Running Moon Farm



Farm Brand

  The Stretton's, Jr.
193 J. Miller Road
P.O. Box 546
Dry Creek, Louisiana 70637


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Certified Product of Louisiana

Spinning Wheels
Spinning Wheels
Warping Reel

Wood Care Supplies

The Care and Maintenance of Wood Tools

Wood needs to be carefully maintained if it is to retain its shape and structure.

When the forester cuts a tree, it must dry long enough for the wood to be able to retain its shape and structure to be made into tools, furniture, etc. Done naturally, takes about a year in an environment that is kept especially for this purpose. Once the wood is cured it's ready for the woodworker to make products from it.

For small hand tools like the ones we make for spinner’s, weaver’s and other fiber artists it is very important to take care of the wood properly. The most beautiful tools are made from woods that would not normally be used, like limb wood. These woods are prone to dry out in conditions that are found in our homes from artificial climates created for our comfort.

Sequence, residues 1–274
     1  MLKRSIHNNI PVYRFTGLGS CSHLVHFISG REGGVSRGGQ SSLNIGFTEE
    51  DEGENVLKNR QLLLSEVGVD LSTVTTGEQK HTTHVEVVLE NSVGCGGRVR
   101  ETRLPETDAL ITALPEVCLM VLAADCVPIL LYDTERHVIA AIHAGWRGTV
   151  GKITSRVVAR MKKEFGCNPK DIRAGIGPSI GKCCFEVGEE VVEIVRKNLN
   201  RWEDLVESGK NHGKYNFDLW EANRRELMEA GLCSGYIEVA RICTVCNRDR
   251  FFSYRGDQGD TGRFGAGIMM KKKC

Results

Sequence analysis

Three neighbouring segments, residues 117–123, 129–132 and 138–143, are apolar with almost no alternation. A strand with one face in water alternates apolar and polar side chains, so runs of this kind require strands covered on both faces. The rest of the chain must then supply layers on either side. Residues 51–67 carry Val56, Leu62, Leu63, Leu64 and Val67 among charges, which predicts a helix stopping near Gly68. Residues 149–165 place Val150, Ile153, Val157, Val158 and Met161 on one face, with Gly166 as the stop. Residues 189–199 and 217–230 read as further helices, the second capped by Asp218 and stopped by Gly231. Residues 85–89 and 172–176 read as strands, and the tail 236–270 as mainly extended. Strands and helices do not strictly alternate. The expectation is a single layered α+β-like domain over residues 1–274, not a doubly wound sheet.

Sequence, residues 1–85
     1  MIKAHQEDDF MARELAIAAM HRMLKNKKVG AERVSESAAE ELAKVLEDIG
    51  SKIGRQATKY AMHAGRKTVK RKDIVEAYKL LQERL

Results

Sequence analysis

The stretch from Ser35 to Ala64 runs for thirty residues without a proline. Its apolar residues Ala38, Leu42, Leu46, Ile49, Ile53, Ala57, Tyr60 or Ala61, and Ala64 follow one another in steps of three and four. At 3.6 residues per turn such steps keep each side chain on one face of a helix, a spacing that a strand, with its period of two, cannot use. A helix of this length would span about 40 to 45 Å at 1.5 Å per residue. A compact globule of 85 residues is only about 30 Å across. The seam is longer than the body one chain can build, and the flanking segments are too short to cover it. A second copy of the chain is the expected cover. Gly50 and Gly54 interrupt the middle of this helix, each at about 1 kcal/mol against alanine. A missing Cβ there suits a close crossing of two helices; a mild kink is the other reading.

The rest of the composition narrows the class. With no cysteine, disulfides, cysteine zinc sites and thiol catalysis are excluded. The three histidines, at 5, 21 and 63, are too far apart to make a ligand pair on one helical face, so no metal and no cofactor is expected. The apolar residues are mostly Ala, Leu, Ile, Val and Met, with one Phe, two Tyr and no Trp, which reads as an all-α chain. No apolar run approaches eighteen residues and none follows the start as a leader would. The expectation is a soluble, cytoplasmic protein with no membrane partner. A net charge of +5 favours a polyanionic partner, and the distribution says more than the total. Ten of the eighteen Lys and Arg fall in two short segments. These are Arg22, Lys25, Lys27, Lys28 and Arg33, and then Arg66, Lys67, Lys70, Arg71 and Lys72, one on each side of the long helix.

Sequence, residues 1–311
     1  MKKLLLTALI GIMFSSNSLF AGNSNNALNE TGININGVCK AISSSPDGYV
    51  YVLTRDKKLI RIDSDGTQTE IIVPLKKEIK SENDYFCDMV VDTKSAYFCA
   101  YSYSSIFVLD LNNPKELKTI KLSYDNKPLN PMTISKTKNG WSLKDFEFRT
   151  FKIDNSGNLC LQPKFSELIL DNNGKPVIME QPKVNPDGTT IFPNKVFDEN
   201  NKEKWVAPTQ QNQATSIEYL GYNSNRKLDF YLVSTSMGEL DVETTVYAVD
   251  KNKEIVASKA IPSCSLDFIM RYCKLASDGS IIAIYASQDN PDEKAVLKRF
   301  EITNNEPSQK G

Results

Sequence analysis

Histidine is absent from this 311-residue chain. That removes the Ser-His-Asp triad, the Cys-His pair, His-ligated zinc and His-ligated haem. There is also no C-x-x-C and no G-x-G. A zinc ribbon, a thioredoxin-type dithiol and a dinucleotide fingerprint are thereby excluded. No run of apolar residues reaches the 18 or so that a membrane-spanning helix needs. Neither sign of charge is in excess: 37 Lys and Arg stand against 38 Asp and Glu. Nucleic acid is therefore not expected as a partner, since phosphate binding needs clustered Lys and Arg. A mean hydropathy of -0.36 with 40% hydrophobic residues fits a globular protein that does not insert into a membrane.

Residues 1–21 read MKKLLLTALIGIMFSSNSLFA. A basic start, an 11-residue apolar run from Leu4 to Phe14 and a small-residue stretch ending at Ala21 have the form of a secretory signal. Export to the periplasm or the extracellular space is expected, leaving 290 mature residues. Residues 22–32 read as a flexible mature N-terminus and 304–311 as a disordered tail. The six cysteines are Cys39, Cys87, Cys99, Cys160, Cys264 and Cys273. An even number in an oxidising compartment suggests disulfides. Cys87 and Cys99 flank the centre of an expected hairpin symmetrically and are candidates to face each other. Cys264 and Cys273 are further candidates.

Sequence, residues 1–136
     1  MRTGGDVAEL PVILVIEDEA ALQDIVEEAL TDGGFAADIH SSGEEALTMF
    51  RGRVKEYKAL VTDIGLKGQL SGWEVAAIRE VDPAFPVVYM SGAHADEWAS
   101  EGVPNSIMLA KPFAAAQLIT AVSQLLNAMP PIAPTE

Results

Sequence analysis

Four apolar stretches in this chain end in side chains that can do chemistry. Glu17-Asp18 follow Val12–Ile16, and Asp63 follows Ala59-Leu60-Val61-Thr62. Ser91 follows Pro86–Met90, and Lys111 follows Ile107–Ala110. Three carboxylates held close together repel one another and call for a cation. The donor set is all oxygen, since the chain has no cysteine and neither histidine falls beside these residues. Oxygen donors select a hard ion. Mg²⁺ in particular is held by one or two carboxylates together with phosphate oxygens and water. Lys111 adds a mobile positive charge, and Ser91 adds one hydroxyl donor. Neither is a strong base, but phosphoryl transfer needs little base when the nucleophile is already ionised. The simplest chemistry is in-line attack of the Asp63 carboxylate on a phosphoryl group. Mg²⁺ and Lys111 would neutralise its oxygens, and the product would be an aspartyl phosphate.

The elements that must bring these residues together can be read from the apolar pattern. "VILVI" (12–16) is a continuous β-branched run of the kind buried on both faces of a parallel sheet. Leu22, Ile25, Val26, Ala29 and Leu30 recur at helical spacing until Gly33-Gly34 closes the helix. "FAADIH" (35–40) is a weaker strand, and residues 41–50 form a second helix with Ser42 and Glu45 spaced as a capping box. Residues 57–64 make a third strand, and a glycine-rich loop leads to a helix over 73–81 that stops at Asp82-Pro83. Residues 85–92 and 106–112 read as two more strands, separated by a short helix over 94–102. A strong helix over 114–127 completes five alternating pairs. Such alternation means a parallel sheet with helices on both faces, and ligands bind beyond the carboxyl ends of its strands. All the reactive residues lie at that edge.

In the winter we bombard our wood with heat that dries out the wood, and in the summer cooling systems remove the moisture and cool our environments so we can be comfortable and happy. All these things are destructive to the structures of most woods if we don’t take precautions to care for them.

First we need to dust them off once in a while. Murphy’s oil is very good for this. It cleans the wood and protects the surface of the finish. A good lemon oil or nice furniture wax should be used routinely, about every two months, to feed the wood the oils and moisture that it needs to retain its shape and integrity. Those in drier climates or artificial climates should do this maintenance more often.

Don't leave your nice wood tools in the sun for long periods of time. Try to keep them stored in a place that is out of strong light that could damage the finish, and in a place that the temperatures do not fluctuate to any large extent. Try not to store them in a place that is hot, and dry, or damp. Heat and excessive dry along with excessive dampness will damage wood quickly to the point of no repair.

Heat will warp wood, usually permanently. Moisture will cause rot to start and it's hard to stop. Dry rot weakens the wood permanently. These things are hard to repair if they can be repaired at all.

Don't place your wood tools in a position that will force them to lose their shape, such as a heavy object on them, or binding that will in time cause them to warp out of the shape they should be in.

Properly cared for your tools will last your lifetime, and then some.

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